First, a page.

The Eccentric Life Of Joe Carstairs Is An Homage To Individuality.
By Stephan Faris
The Queen of Whale Cay, by Kate Summerscale (Viking). Cloth, $21.95.
OBITUARIES are, by nature, dry and declarative. They are the summation of a life, a listing of important dates and events, offering little room for an author's bias or the interpretation of the subject's inner life. Working at the obituary desk of London's Daily Telegraph, Kate Summerscale was eulogizing England's war generation--stout-hearted, sober folk, forged solid by their wartime experience. Her subjects were often comically eccentric and intriguing beyond the format imposed by the obituary column, but Summerscale was ordinarily not able to probe beyond the confines of the death notice.
One day, Summerscale was called upon to write about a person she found too intriguing to leave alone. A reader had suggested that her godmother, Marion Barbara Carstairs, might be an appropriate subject for an obituary. Summerscale dug into the previously forgotten life. Carstairs, who adopted the nickname "Joe," was a figure of wondrous eccentricity: a woman who wore men's clothing back in 1920s England, in one picture even sporting a mustache. She raced motorboats and once, when she crashed, cracking three ribs, went out dancing that evening. She hobnobbed with the rich and famous of Europe and America. Eventually retiring from society, she bought an island in the Bahamas and became a self-made queen: "The Boss," as the islanders referred to her.
Carstairs' story begged further exploration. To make sense of it, Summerscale needed to escape the limitations of the obituary column; hence she began The Queen of Whale Cay, a biography of Joe Carstairs.
If Summerscale felt the need to understand Carstairs, her work was made especially difficult by the fact that she was not the first to try to put her own interpretation on Carstairs' life. Carstairs had already spun fact and fiction to reinvent herself. The few accounts that she would give about her young life and the relationship she had with her parents were riddled with inconsistencies. In a story she told about her father, she had him discouraging theories on her mother's murder years before her mother actually died. Carstairs held tight control over all that was told about her. In tapes she made in preparation for a ghost-written autobiography, she refused to give motives or explanations for her actions.
Carstairs' process of self-invention began early. Even at age 5, recovering from a blow to the head, she declared that she had a new name: "Tuffy." She was determinedly self-reliant. When somebody rejected her and pulled away, she quickly changed the story so that she was the one leaving. For example, at age 11, her mother sent her to America for boarding school. In Carstairs' account, it was she who left. Her separation was so complete that, having named a series of boats Estelle, after her mother, she was amused to discover, years later, that her mother's real name was Evelyn.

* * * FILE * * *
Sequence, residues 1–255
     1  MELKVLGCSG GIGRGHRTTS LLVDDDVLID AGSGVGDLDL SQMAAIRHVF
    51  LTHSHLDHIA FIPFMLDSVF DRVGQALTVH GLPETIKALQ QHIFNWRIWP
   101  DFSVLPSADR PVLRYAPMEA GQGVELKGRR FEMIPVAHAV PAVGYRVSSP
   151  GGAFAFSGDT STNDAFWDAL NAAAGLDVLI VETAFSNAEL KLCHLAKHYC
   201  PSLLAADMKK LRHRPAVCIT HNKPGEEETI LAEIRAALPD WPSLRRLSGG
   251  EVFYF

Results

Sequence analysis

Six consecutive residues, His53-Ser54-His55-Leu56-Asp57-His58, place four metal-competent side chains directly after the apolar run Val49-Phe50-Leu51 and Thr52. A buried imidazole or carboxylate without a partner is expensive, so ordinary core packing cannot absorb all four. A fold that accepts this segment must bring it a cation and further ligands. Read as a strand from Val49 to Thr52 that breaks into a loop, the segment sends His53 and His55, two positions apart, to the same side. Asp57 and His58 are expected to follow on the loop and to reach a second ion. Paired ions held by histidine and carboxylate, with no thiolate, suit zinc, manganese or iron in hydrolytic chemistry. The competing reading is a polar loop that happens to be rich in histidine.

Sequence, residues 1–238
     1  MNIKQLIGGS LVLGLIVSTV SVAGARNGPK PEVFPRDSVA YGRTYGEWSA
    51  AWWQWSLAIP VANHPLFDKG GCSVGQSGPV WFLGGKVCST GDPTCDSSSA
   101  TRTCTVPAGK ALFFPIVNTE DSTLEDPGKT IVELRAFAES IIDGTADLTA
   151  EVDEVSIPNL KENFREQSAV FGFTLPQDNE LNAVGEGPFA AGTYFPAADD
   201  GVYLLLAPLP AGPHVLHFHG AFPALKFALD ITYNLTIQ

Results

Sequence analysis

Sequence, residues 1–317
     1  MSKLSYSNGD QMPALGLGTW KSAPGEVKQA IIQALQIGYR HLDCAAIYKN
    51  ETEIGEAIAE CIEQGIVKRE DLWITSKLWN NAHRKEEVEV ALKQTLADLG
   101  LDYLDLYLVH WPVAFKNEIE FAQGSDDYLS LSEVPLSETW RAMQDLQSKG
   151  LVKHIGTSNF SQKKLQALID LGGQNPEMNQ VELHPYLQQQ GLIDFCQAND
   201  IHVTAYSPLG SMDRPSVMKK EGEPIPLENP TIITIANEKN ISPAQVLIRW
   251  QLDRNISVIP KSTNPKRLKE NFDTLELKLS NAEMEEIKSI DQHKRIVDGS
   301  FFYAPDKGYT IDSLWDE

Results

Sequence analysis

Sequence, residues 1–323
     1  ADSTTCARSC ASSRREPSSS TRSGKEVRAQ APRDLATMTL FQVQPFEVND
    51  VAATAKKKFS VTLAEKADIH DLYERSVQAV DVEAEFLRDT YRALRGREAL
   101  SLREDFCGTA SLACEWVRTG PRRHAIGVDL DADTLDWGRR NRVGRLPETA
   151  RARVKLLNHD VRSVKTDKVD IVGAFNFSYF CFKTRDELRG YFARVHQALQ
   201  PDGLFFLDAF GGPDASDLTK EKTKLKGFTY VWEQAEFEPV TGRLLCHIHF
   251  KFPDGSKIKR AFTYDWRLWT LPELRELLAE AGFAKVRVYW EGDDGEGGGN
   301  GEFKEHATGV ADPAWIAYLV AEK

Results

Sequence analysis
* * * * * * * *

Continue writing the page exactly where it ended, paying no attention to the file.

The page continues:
Over the years, she became increasingly masculine, dressing in men's clothing, wearing her hair cut like a man's, smoking cigarettes "with manly gestures," and finally, one drunken night, coming home tattooed. She happily recounted being mistaken often for a young boy.
In 1925, a girlfriend gave her a doll of a little man. With his eternal, apple-cheeked smile accented by bright, bead eyes with boyishly surprised eyebrows, the foot-tall doll quickly became a favorite. Carstairs named him Lord Tod Wadley, and transferred a large part of her ego into him. Throughout her life, she saw that he was well cared for, buying him clothes and worrying for his health and safety. She invented a life for him that inversely paralleled her own. When she was young and living wild, "Lord Tod" stayed home, portraying innocence and asexuality. As they grew old together, her hair graying and the leather of his face hardening and cracking, by her account he gained in world experience, becoming the rake, leaving broken hearts in his path.
What makes Carstairs so interesting is not her eventful and eccentric life, but rather the controlled effort to be the master of it and the way it was perceived. Even though Summerscale tries hard to impose her own interpretation, Carstairs' version of the events fights its way to the surface and often seems more real. Summerscale acknowledges that Carstairs' telling competes with her own. One chapter, in which Summerscale draws analogies between Carstairs and Peter Pan, is especially unconvincing.
It's as if Summerscale has uncovered a new archetype in Carstairs, and the format she chooses to describe her seems inadequate. Carstairs is, in her own words, "an enigma," a subject too deeply textured to be fully rendered in the format of an obituary or even a biography. Summerscale has written a compelling biography of a colorful character, but she nonetheless fails to probe beneath the show-off surface and reveal her subject's psyche. Even in death, Joe Carstairs remains steadfastly independent.
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